Such hopes have only been strengthened by the fall in global oil prices,
which has forced energy-producing countries such as Bolivia to seek
alternative and more sustainable forms of income. With soya alone
representing Bolivia’s third-biggest source of foreign exchange after
gas and mining, the government has announced ambitious plans to boost
the area of land under cultivation from 2.7m hectares last year to 4.5m
hectares by 2020.
“There is enormous potential here,” says Gabriel Dabdoub, a prominent
businessman in Santa Cruz, who believes the agricultural sector cannot
flourish without support from the government to boost productivity
levels, which lag far behind the agricultural giants of Brazil and
Argentina. But doubts remain as to how committed the government is to
promoting agriculture, and what kind. “It is the million-dollar
question,” says Dabdoub.
René Orellana, Bolivia’s planning minister, said in an interview that of
$48bn in planned public investments by 2020, the government is aiming to
invest more than $5bn in agriculture, and about $2.5bn will be spent on
building agro-industrial complexes. He emphasised that the investments
would be focused on strengthening small producers in the western
highlands and non-traditional exports with high added value, rather than
the soya farmers of Santa Cruz.
Still, relations between big landowners and the government have improved
a great deal since the tense early years of Evo Morales’ presidency. His
need to maintain support among his power base, the poor indigenous
population in the highlands, led to serious clashes with the more
affluent citizens of Santa Cruz, who have always yearned for greater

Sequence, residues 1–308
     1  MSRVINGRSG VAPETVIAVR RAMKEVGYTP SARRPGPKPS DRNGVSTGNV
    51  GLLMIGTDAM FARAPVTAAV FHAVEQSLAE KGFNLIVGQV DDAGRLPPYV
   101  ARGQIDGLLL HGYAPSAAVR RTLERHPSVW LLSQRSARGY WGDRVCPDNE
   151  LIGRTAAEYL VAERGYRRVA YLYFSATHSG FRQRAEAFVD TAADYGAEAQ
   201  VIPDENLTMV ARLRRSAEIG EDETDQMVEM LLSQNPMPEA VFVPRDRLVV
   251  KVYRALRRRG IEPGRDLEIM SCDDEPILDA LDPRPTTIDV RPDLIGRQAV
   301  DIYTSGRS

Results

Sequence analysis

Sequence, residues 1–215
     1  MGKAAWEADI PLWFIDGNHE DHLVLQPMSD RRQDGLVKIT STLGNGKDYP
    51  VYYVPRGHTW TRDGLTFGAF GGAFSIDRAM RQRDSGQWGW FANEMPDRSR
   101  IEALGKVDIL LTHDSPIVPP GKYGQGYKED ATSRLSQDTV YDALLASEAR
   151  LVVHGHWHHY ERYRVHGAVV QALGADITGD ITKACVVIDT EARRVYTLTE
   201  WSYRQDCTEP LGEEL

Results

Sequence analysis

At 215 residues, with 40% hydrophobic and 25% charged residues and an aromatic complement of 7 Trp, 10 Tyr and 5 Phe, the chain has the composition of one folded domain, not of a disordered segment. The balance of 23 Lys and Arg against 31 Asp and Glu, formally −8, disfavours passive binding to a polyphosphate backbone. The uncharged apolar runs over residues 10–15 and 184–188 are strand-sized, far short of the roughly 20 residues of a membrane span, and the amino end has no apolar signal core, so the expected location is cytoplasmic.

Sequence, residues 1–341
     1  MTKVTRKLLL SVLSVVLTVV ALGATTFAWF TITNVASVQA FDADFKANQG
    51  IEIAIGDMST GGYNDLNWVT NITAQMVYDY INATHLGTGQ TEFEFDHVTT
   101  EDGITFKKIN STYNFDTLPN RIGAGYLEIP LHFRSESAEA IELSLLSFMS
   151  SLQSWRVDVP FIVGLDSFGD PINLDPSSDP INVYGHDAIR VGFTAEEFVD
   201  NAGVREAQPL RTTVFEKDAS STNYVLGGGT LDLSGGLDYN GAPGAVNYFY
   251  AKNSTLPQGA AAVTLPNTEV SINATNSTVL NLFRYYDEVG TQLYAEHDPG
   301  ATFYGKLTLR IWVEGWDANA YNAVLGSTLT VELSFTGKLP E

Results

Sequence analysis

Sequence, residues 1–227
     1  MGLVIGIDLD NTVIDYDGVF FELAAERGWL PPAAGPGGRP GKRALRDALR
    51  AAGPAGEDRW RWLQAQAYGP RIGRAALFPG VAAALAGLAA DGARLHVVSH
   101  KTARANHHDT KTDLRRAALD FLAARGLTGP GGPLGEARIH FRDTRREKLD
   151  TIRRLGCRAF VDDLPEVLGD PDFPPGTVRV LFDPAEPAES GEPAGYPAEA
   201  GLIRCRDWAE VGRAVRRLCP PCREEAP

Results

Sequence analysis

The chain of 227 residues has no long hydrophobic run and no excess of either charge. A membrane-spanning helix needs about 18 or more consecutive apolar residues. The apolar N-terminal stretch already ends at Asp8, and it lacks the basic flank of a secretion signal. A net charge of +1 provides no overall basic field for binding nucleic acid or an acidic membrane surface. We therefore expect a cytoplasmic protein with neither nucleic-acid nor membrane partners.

autonomy from La Paz. “We realised that we were not going to get
anywhere fighting, so we said, let’s talk,” says Jaime Suárez, a farmer
involved in negotiations with the government. Nevertheless, landowners
complain that dialogue has yet to translate into action, with
bureaucracy posing a particular problem.
Farmers reel off a long list of challenges. Chief among them is legal
security, with bitter complaints about government intervention in the
export sector. Most also cite the need to improve technology, problems
accessing credit, and the land-locked country’s poor infrastructure.
The relentless expansion of Bolivian agriculture has created some of the
highest deforestation rates in the world
“If we seriously want to open up our agricultural frontier, it will be
necessary to grow our agro-industrial sector as well,” says José Llano,
who heads the college of agronomists in Santa Cruz. A study co-ordinated
by Llano concluded there are almost 2m hectares of good agricultural
land in Santa Cruz that lies uncultivated, representing an extra $3.8bn
in potential revenues in addition to the $2.2bn that the province’s
agricultural sector currently generates.
Reinaldo Díaz, president of the business chamber for soya producers in
Santa Cruz, emphasises the need to remove restrictions on the use of
biotechnology, which is not a problem in Argentina, Brazil and Paraguay.
“Without biotechnology, it makes it very difficult to compete with our
neighbours,” says Díaz. “We want biotechnology to enter through the
front door, not the back window.” He claims that some non-governmental
organisations have been “brain-washing” people to oppose genetically
modified organisms. As a result, many farmers are using biotechnology
The use of precision agriculture would also raise productivity, says
Díaz, especially for smaller farmers. “Yields are much lower for small